Wed | Nov 25, 2020

Canonical and commentarial literature

Published:Sunday | March 22, 2020 | 12:00 AMPaul Williams

Every major religion has a book, a piece of literature, its main source of reference, and Jainism is no different. It has canonical scriptures that do not belong to a single era, and which has been revised over time.

This sacred literature, transmitted orally, is said to have been first organised in a council at Patna about the end of the 4th century BCE, and again in two later councils at Mathura (early 3rd century CE) and Valabhi. The fourth and last council, at Valabhi in the mid-5th century, is considered the source of the existing Shvetambarasect canon, though some researchers are insisting that it came from the Mathura Council.

The Purvas, the original, unadulterated teachings of the Tirthankaras, are said to have been contained in 14 ancient texts, which are now lost. The Shvetambara and Digambara sects agree that the time will come when the teachings of the Tirthankaras will be completely lost. They predictedthat Jainism will die and reappear at an appropriate point in the next time cycle (kalpa).

They disagree, however, about the extent to which the corruption and loss of the Tirthankaras’ teachings have already occurred. Thus, the texts for each sect are different.

The Shvetambaras embrace an extensive agama (collection of canonical texts) as the repository of their tradition. Based upon what are believed to be discourses by Mahavira that were compiled by his disciples, this canon preserves his teachings in an imperfect way, since it has been subject to changes and loss throughout the ages.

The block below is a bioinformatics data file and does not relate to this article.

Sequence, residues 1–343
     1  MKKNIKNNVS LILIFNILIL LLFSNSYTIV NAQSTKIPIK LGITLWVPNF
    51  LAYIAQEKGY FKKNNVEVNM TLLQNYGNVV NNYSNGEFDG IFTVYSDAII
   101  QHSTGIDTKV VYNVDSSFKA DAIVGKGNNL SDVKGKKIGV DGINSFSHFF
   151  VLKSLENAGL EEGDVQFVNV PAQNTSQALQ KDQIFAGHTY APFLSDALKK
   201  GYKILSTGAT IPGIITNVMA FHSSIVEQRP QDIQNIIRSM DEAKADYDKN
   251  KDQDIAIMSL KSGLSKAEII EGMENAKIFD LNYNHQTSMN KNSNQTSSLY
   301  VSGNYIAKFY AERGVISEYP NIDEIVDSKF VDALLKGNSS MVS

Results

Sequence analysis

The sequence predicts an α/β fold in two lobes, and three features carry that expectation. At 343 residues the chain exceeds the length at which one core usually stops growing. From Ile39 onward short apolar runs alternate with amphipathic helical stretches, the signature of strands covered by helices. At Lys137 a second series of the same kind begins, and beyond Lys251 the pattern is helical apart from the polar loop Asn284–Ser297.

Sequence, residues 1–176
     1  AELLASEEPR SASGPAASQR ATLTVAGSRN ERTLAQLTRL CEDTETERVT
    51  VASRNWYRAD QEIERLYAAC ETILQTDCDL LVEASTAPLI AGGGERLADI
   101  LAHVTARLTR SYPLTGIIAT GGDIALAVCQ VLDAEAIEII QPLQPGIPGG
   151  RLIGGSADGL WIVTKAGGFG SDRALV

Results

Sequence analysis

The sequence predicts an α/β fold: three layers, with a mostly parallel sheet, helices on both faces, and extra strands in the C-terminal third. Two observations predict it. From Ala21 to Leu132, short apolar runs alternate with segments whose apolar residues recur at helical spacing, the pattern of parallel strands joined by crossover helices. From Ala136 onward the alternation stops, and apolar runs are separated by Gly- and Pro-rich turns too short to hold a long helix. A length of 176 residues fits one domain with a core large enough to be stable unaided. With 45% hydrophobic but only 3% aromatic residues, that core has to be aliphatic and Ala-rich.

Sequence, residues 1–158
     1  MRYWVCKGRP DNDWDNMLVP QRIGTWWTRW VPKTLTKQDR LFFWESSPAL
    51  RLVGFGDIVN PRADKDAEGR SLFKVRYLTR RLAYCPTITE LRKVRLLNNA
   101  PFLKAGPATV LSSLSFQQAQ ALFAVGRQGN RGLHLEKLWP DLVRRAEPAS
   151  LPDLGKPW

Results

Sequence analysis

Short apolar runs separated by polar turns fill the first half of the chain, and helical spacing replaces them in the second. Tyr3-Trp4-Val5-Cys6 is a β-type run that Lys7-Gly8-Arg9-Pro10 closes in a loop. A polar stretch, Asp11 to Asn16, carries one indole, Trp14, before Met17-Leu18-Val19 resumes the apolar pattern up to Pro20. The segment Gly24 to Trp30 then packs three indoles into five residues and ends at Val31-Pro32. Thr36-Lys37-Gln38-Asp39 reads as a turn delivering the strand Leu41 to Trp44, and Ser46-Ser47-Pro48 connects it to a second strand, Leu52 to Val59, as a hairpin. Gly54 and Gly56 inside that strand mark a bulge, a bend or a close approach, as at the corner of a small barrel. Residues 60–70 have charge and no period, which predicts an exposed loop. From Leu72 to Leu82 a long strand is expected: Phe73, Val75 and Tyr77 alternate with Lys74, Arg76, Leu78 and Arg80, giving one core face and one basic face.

Bhadrabahu, traditionally recognized as the last Jain sage to know the contents of the Purvas, is thought to be the author of the Niryuktis, the earliest commentaries on the Jain canonical texts. These concisecommentaries, written in the Prakrit language, gave rise to an expanded corpus of texts called Bhashyas and Churnis.

Digambaras give canonical status to two works in Prakrit: the Karmaprabhrita (Chapters on Karma), also called Shatkhandagama (Scripture of Six Sections), and the Kashayaprabhrita (Chapters on the Kashayas). The Karmaprabhrita, allegedly based on the lost Drishtivada text, deals with the doctrine of karma and was revised by Pushpadanta and Bhutabalin in the mid-2nd century. The Kashayaprabhrita, compiled by Gunadhara from the same source about the same time, deals with the passions (kashaya) that defile and bind the soul.

The religious benefits of hearing and reading Jain texts encouraged the careful and dedicated preservation of manuscripts. The Jains have traditionally maintained important libraries throughout India, among the most significant of which are those for the Shvetambaras at Chambay and Patan (both in Gujarat state), and Jaisalmer (in Rajasthan state) and those for the Digambaras at Karanja (in Maharashtra state) and Mudbidri (in Karnataka state).

In addition to their canons and commentaries, the Shvetambara and Digambara traditions have produced a voluminous body of literature, written in several languages, in the areas of philosophy, poetry, drama, grammar, music, mathematics, medicine, astronomy, astrology, and architecture. The details of Jain doctrine did not change much throughout history, but the main concerns of the medieval period were to ensure that scriptural statements were compatible with logic and to counteract the rival claims of the Hindus and the Buddhists.